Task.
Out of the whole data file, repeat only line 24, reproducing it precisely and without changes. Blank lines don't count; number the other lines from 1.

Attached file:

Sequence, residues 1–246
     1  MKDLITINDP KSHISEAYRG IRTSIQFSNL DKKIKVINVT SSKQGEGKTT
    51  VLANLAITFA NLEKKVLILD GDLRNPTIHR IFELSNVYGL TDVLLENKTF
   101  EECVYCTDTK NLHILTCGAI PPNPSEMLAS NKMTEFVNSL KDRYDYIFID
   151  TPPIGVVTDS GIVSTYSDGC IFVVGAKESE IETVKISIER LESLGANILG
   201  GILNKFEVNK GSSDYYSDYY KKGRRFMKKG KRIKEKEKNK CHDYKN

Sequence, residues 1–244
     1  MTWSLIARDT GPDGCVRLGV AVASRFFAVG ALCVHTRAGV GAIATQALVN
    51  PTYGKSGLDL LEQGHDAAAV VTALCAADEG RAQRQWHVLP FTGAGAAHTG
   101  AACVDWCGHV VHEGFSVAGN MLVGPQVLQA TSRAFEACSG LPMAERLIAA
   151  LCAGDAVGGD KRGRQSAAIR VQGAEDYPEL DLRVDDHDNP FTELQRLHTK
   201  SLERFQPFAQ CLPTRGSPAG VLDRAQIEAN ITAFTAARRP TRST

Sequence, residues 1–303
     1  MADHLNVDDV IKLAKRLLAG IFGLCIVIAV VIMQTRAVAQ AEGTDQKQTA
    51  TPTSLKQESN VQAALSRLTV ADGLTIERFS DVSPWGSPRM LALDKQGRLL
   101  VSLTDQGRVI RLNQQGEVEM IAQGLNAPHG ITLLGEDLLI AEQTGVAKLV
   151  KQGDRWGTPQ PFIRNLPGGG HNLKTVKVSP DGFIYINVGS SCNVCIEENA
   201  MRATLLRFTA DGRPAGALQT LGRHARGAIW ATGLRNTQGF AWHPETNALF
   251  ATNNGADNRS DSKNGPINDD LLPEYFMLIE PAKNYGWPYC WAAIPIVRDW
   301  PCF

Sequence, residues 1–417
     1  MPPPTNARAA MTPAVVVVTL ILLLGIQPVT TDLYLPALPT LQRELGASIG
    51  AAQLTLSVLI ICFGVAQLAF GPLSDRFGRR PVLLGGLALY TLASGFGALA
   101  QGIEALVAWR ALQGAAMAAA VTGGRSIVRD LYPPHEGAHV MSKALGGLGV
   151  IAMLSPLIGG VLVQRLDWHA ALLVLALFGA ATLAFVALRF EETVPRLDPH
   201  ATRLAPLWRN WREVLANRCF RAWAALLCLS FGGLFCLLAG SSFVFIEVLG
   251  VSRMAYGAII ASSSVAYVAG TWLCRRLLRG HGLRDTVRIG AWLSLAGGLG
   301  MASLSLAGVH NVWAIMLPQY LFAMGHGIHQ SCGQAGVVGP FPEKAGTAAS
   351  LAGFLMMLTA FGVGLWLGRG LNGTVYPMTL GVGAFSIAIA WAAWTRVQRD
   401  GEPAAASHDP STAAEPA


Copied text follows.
   101  QGIEALVAWR ALQGAAMAAA VTGGRSIVRD LYPPHEGAHV MSKALGGLGV